2. The Hole-In-The-Horn Buck is ranked as the 2nd largest NonTypical record book whitetail buck ever recorded. This buck is from Ohio however was never killed by a hunter. The hole in the horn buck was found dead more than 50 years ago. One of the members of a hunt club was an engineer for a railroad. It believed that Charlie Flowers was partially responsible for the recovery of this giant whitetail buck. The hole in the horn buck was discovered in 1940. It is uncertain how the hole in the horn occurred, however some think it was the result of a fence.
3. 15-year-old Tony Lovstuen pulled the trigger of his muzzleloader on the afternoon of Sept. 29, 2003, to harvest the largest non typical whitetail buck ever killed by a hunter in the State of Iowa. The Iowa non-typical had become known to possess a little over 307 inches of bone on his head.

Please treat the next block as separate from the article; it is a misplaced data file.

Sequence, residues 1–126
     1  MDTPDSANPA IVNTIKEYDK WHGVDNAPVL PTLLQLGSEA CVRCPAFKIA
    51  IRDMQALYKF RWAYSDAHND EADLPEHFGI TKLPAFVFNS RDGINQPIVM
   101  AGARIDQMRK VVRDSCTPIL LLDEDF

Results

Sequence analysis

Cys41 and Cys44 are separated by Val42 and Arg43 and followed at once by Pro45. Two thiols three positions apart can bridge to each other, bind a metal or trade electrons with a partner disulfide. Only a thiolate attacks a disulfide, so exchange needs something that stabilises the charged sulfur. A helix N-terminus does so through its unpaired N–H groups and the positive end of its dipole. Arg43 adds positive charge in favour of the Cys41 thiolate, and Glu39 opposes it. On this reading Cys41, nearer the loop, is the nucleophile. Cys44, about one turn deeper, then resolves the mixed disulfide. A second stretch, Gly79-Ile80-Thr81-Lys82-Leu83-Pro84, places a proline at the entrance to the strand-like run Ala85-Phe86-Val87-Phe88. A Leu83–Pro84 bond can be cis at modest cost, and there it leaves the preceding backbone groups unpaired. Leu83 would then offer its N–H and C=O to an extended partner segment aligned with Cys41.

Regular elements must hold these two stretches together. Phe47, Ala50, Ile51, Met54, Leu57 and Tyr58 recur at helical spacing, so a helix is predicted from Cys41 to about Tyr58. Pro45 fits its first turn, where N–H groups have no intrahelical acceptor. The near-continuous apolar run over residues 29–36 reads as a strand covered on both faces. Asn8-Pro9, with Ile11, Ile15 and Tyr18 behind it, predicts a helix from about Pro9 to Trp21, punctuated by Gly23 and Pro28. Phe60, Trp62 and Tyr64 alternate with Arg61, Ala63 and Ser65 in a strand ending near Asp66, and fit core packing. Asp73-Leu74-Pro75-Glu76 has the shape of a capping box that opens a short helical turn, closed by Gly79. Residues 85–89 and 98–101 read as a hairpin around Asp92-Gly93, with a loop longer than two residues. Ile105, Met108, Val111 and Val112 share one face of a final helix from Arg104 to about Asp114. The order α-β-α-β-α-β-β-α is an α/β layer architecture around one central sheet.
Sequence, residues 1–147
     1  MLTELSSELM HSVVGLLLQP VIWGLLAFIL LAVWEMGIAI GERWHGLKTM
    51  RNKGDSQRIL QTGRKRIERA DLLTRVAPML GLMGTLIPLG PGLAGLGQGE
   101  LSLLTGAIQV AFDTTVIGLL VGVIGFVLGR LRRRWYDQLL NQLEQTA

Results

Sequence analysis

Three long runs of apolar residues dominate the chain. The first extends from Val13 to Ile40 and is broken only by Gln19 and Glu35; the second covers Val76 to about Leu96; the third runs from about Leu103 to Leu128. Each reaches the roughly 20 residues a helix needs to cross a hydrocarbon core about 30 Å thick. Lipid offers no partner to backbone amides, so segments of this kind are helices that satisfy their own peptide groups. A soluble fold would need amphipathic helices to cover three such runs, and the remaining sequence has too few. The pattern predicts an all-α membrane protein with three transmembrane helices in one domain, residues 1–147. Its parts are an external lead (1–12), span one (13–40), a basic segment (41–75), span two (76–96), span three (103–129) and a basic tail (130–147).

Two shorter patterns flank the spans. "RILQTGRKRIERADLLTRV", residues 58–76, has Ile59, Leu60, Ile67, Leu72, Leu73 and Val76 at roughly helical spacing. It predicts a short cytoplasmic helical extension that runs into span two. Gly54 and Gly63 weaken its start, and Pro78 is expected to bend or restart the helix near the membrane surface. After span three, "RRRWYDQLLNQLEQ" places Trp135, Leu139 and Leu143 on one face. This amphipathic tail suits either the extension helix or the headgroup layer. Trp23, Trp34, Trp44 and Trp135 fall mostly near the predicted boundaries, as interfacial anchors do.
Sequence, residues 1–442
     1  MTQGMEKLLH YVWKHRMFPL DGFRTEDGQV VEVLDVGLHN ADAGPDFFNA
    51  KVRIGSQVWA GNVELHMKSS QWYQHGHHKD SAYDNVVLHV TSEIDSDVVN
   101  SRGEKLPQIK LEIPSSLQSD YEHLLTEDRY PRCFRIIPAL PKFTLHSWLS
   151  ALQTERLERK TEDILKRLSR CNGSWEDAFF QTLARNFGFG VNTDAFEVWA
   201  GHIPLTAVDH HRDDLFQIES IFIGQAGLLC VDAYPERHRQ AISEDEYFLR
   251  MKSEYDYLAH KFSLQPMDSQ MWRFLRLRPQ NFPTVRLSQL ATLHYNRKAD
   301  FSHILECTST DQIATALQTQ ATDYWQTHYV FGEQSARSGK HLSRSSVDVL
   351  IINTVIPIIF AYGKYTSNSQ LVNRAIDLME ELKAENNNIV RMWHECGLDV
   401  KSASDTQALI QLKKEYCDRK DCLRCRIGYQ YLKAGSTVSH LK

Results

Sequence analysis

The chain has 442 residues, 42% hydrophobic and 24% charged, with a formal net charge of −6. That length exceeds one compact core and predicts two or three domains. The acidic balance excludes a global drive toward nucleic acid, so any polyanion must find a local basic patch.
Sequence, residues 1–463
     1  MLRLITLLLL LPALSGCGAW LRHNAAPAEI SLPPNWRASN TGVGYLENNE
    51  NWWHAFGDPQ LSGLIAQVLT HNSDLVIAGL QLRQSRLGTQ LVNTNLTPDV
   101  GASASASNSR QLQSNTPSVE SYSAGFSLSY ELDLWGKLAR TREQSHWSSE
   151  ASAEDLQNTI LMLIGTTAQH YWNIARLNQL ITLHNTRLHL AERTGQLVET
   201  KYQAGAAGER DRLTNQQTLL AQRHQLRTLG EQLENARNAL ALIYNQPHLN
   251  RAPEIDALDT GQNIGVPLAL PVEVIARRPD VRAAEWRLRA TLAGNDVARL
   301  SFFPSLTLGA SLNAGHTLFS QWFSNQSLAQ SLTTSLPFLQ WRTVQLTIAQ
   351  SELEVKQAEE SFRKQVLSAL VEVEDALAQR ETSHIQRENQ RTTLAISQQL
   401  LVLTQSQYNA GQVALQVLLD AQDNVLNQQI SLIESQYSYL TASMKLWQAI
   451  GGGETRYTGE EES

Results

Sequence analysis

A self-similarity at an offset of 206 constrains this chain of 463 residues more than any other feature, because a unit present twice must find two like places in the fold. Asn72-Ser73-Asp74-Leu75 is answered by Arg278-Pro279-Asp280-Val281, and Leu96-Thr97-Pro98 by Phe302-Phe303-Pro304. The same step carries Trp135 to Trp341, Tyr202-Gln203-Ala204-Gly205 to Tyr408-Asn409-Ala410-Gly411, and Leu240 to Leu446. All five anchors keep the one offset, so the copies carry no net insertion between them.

4. The Jerry Bryant Buck was harvested in Illinois by a man that was turkey hunting in the fall for turkeys. That’s right, Jerry Bryant was on stand hunting turkeys with a crossbow in the State of Illinois when this monster whitetail fell into his lap.
5. The Tony Fulton Buck was harvested in 1995. Mr. Fulton took this great buck with a 30-06 in the state of Mississippi after his wife urged him a two go whitetail deer hunting that day. And
6. This tremendous non-typical was taken with a crossbow by Amish hunter Jonathan Schmucker in Adams County, Ohio, in 2006. It was entered into the Club's 26th Awards Program (2004, 2005, 2006) with an official score of 295-3/8.
7. The Scott Dexter Buck was shot with a muzzleloader in the state of Illinois in 2005. What makes him so big is the palmated mass,” said Boone & Crockett measurer Tim Walmsley of Fowler. “He picks up a big part of his score on his mass. But he’s also got 127 inches of abnormal points, which is amazing.”